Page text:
DIRECTOR: David E. Talbert

CAST: Forest Whitaker, Madalen Mills, Keegan-Michael Key, Hugh Bonneville, Anika Noni Rose, Phylicia Rashad, Ricky Martin

RUNNING TIME: 122 mins


BASICALLY…: After a toymaker’s (Whitaker) most prized invention is stolen, his granddaughter (Mills) sets out to put things right…




It’s astonishing to think that nearly three years have passed since The Greatest Showman became a worldwide sensation, despite mixed reviews and an at-first mediocre box office (which slowly but surely grew more and more over the months). The film has since been credited with bringing original movie musicals back into the public consciousness – even though the far superior La La Land already did that one year prior – so much so that its eclectic and upbeat melodies have become just as popular as whatever’s in the Top 40 charts right now.

In that spirit, Netflix has sunk a lot of energy and whimsy into their own original musical, Jingle Jangle: A Christmas Journey, and it would be easy for any cynic to look at it as something created just to hop onto that particular bandwagon. However, it’s even easier to get lost in the charming and heart-warming story at play, and be sucked in to some cheery festive numbers that make it hard for anyone in the family to resist.

The film opens with a framing device as Phylicia Rashad reads her grandchildren the tale of Jeronicus Jangle (Forest Whitaker), a once-celebrated inventor and toymaker who lost his spark after his assistant Gustafson (Keegan-Michael Key) stole his inventions from him thirty years prior. Now a defeated recluse, his toy store now a pawn shop, Jangle is unexpectedly paid a visit one Christmas by his granddaughter Journey (Madalen Mills), who appears to be as bright and passionate as he once was, and soon discovers a long-lost invention of his that seems to operate on the power of belief. Now, if only Jangle can recapture the passion he once had, he can prevent Gustafson and his self-absorbed partner, a conscious doll named Don Juan Diego (voiced by Ricky Martin), from stealing the invention for his own gain.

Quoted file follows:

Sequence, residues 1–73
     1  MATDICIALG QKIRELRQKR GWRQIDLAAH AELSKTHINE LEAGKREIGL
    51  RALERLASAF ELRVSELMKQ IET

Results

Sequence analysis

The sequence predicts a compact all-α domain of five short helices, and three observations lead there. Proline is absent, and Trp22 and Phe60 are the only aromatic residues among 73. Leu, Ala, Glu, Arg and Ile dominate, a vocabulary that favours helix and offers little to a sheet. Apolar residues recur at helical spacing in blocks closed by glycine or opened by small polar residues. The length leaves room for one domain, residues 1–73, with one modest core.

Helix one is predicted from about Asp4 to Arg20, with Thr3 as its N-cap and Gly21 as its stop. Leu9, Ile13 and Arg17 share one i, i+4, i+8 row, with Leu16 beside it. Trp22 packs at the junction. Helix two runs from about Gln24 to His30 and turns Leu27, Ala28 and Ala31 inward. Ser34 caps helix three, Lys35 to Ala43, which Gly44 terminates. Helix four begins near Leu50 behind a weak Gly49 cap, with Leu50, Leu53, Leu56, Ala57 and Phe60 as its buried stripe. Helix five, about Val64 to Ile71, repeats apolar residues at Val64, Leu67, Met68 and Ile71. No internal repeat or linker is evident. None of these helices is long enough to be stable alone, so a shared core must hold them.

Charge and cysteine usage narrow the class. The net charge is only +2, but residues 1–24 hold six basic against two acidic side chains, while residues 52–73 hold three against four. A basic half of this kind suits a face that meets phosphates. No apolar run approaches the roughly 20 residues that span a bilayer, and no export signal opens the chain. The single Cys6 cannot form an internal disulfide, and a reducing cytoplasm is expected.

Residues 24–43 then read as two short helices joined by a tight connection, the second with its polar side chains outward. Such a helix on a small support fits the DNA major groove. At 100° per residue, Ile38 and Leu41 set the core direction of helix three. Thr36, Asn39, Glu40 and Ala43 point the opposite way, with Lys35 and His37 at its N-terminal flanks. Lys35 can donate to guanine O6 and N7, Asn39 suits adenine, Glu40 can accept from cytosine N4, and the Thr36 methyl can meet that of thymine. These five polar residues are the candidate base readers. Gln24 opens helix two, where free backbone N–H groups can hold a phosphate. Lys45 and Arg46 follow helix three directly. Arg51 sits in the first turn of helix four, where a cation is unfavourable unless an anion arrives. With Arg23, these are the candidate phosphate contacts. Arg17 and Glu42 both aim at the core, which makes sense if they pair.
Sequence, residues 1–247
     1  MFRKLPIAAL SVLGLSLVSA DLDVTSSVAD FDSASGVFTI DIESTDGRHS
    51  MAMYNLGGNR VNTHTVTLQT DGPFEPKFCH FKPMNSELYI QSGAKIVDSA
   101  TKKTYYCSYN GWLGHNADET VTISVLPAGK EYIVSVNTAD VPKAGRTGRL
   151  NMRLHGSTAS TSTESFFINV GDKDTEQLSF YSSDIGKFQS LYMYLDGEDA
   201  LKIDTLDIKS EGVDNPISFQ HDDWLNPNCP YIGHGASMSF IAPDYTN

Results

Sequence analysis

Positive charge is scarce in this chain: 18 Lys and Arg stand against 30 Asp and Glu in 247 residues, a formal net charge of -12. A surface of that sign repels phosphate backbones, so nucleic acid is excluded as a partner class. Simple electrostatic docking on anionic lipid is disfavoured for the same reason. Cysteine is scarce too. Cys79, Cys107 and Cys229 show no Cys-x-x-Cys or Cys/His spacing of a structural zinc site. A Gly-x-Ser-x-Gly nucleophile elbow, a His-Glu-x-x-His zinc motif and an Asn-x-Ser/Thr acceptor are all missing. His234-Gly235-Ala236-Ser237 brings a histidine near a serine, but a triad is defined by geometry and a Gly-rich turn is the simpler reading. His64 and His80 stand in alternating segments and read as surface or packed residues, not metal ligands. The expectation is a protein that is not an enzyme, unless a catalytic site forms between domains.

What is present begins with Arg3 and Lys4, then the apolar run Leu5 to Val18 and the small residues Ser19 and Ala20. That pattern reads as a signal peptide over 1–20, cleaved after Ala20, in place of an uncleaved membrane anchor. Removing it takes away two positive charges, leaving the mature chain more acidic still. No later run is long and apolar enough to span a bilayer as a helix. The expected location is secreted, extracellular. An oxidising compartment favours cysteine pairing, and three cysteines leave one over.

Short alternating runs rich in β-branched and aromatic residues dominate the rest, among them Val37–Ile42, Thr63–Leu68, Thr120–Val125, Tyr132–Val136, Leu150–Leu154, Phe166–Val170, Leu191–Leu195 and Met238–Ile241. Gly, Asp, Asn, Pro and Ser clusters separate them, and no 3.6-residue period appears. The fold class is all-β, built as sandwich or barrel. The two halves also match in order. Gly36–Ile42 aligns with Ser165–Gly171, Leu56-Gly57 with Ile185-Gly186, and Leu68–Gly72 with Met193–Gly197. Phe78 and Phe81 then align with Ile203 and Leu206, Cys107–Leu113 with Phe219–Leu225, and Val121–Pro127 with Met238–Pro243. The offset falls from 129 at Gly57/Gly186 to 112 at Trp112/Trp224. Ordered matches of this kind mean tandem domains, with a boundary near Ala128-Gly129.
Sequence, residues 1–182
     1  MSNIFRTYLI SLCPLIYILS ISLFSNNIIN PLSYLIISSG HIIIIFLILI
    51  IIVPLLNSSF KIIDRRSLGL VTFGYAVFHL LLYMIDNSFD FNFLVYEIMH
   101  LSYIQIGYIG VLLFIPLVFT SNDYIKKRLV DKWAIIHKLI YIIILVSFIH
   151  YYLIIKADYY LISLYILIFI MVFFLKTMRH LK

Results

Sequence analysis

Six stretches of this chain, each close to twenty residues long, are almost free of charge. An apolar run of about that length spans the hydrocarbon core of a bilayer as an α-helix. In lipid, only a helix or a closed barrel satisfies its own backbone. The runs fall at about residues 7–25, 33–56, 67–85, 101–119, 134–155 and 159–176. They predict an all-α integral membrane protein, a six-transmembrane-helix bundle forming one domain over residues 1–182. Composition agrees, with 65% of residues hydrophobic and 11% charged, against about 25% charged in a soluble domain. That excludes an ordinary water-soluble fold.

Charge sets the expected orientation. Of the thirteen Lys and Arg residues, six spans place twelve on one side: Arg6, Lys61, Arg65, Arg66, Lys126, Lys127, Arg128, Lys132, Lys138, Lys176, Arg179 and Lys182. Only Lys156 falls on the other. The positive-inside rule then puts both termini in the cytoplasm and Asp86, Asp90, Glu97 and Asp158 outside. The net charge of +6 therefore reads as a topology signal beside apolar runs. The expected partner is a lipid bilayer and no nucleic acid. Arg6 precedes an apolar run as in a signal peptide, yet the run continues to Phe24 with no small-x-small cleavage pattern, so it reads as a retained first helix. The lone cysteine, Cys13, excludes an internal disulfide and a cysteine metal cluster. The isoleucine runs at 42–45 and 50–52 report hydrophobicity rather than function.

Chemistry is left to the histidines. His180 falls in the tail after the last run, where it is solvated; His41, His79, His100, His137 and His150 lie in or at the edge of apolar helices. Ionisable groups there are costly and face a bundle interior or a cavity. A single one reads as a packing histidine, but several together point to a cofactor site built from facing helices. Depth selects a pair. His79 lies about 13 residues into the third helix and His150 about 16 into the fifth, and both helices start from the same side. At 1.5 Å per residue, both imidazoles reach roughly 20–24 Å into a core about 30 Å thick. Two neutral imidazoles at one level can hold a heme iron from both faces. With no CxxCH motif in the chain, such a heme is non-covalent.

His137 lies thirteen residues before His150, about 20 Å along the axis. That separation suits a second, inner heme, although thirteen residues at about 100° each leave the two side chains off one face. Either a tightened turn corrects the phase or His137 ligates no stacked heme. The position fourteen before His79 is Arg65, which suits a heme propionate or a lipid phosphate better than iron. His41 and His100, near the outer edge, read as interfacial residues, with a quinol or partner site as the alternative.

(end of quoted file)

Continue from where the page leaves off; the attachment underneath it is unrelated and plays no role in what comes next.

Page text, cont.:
Writer and director David E. Talbert, who is no stranger to Christmas movies having previously made ensemble comedies Almost Christmas and El Camino Christmas, encapsulates the magical feeling of the season with bright and colourful visuals, from the costumes to the sets and all the way down to the effects which vary from computer-generated to old-fashioned wire work. It’s visually pleasing, leaving you with a feeling as though you’re watching it in front of a fireplace on Christmas Eve, surrounded by patient children and adults who are weary of re-watching The Muppet Christmas Carol for the seventh year in a row (though what exactly would be wrong with that?). The story is engaging, and has plenty of sweet moments and likeable characters to carry itself through, while the songs themselves – co-written by John Legend – are top-tappingly fun to listen to with some great singers lined up to deliver some true belters (young Madalen Mills, for instance, has a particularly strong voice) – but most of all, it definitely feels like a Christmas movie, and it captures the joy and cynicism-free adulation one can experience during that particular time of year.

Does it, however, occasionally fall victim to over-sappiness? Sometimes it does, and a couple of heart-felt moments as well as some choice dialogue come across as rather treacly, as though they had been coined from the most sickly-sweet fortune cookie manufacturer in the land. It is also, perhaps, a little overlong; at just over two hours, you can feel things starting to sag around when things are just beginning to finally wrap up, and you wonder if it could have benefited from perhaps one less musical number. Those moments, however, are far and few in between, and the movie does do a good job at maintaining a consistent enough tone and a sense of charm to make those less effective moments feel earned as opposed to simply throwing them out there for the sake of it. The movie spends enough time on these characters to make you feel a great sense of empathy for them, even Keegan-Michael Key’s villain who, in a way, does make you understand why he does what he does early on in the film, and it’s not too forced or contrived for even the younger viewers to get behind.

Time will tell if Jingle Jangle: A Christmas Journey will indeed reach the same heights as The Greatest Showman within the public zeitgeist, but for now it’s a perfectly charming and readily entertaining Christmas musical that is bound to be a hit with families as we head into the festive season.


Jingle Jangle: A Christmas Journey is a sweet and charming Christmas musical with plenty of heart, toe-tapping songs, and a fair sprinkling of festive magic that is bound to enchant families all over the world, even if sometimes it can perhaps be a bit too gooey-eyed and overlong for its own good.

Jingle Jangle: A Christmas Journey is now available on Netflix.

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